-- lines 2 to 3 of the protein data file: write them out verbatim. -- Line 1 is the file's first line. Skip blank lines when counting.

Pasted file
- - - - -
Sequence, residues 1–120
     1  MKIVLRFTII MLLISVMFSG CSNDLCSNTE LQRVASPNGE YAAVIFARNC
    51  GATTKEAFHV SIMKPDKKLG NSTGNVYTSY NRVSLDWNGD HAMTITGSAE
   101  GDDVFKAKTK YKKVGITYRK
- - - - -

     1  MKIVLRFTII MLLISVMFSG CSNDLCSNTE LQRVASPNGE YAAVIFARNC
    51  GATTKEAFHV SIMKPDKKLG NSTGNVYTSY NRVSLDWNGD HAMTITGSAE